Extraits principaux de la partie du rapport de la National Energy Commission (NEC) intitulée « Fostering a Sustainable Energy Future: moving towards a “Green Economy
Persisting with a coal-dominated energy pathway will lock the country into an everlasting coal energy future, with negative impacts in terms of pollution, health hazards and dependency on costly fuel imports. Also, the diversity of concerns and potential of all the islands of the Republic will not be addressed, and the MID target of 35% electricity generated from RE by 2025 will not be met.
Instead another pathway is possible, which reconciles environmental and health concerns with economic priorities (Pathway Two). With the unprecedented reduction in cost as well as rapid technological development taking place in the field of renewable energy, Mauritius can capitalise on its abundance of solar and marine renewable energy and open up a new economic space full of growth potential. This MID-compliant pathway and its numerous benefits (renewables, national effort to reduce demand, role of small planters, SMEs and cooperatives) will not only meet all the socio-economic objectives of Government but also launch a ‘Green Economy’, which has as main features inclusiveness and democratisation of the economy. The emergence of a Clean Energy sector will help bring the Republic of Mauritius to another development level, with strong opportunities to expand in the African region.
The NEC therefore recommends the revisiting of the IEP [“Integrated Electricity Plan”, le plan strategies du CEB pour 2013-2022 to implement Pathway Two and its compliance with, and relevance to, the MID paradigm in an inclusive and participatory manner.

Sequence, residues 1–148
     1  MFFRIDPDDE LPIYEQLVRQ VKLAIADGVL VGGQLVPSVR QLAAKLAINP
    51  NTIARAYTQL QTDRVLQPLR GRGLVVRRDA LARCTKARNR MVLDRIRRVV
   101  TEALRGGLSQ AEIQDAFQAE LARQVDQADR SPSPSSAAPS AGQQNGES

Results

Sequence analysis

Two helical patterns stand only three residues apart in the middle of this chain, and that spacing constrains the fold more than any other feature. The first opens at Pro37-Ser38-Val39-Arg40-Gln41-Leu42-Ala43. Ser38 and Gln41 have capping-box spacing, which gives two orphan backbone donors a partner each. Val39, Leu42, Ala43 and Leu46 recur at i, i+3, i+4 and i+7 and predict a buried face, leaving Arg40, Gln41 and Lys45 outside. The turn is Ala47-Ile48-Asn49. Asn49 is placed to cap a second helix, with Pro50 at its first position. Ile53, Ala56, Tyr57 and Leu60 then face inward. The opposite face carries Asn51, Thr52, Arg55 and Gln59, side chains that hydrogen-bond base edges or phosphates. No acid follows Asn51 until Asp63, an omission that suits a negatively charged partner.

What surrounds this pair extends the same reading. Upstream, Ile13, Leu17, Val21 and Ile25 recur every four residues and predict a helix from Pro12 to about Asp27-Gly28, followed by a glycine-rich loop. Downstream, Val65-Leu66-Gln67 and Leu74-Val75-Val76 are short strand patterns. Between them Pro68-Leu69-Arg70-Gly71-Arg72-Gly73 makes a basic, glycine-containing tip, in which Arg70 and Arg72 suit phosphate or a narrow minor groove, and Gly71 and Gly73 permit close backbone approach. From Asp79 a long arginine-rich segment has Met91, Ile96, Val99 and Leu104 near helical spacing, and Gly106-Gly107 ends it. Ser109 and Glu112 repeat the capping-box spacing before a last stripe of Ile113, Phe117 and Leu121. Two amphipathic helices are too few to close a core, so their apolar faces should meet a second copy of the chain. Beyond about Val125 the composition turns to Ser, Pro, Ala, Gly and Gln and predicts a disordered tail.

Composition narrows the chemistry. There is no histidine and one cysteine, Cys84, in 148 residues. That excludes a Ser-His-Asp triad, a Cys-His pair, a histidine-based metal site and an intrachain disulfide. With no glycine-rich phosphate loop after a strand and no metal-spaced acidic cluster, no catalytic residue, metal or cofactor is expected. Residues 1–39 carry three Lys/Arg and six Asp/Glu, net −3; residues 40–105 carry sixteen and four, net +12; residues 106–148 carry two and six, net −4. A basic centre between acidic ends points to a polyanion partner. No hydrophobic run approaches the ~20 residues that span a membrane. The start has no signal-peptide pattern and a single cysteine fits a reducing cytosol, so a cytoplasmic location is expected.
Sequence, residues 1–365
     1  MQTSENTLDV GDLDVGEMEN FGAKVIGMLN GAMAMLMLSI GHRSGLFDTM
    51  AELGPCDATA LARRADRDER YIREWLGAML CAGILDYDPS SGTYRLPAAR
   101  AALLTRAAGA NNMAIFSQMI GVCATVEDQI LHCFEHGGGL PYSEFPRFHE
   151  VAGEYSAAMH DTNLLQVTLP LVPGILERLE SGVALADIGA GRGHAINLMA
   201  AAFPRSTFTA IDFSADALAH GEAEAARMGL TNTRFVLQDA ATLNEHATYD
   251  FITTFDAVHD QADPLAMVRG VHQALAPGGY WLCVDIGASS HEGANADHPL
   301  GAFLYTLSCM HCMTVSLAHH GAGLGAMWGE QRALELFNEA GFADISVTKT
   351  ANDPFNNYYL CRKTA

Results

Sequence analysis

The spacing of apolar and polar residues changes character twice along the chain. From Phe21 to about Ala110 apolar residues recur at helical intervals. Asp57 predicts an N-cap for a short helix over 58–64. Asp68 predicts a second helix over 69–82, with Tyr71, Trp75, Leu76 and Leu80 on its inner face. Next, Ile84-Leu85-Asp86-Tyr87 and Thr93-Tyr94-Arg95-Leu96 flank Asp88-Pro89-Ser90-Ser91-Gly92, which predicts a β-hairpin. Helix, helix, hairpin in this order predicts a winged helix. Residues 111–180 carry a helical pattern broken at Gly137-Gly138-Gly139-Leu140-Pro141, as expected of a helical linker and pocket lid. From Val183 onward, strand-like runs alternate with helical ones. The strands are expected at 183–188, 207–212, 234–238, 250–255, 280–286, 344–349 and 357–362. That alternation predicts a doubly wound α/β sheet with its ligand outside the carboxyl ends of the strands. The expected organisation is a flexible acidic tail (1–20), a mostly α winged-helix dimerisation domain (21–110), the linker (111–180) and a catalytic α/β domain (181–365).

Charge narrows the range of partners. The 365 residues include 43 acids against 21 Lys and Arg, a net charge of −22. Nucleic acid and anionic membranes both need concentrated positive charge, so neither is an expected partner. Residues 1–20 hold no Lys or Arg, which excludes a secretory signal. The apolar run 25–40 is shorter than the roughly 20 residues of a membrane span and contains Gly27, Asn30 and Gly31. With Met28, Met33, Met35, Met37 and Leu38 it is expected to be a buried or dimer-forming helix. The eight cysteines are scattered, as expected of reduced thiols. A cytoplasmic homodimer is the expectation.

Giving Mauritius a sustainable energy future will not only benefit us, it will be the gift of a prosperous future to forthcoming generations.
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The energy future of Mauritius is facing two radically different pathways:
1.    A coal-dominated pathway, with a 100 MW coal-only plant to be followed afterwards by additional coal power plants, based on a least financial cost approach only (Pathway One).
2.    A MID-compliant pathway that would satisfy economic affordability, on top of environmental and social sustainability concerns (Pathway Two).
The present configuration of the electricity sector is poised in between these two energy pathways (see Appendix 9 for current supply options). The right choice therefore needs to be made as to the energy future of the country.
The IEP considers that additional power capacity of 200 MW is to be added by 2022. But this is according to a business-as-usual scenario. This figure does not stand if Mauritius embarks on the paradigm shift of MID and moves towards a Green Economy.
[The NEC has estimated] the least-cost option of both pathways – coal-dominated and MID-compliant –from a holistic perspective, which includes the full economic, social and environmental impacts, and not just from strictly the financial perspective. For instance, the competitiveness in our major export markets is not only due to “bottom-line” aspects but is also tributary to issues such as carbon footprint, environmental protection and social norms. Also, health considerations are at the very heart of the concerns of populations. Finally, international donor/lenders more and more require the ‘greening’ of projects before engaging in their financing.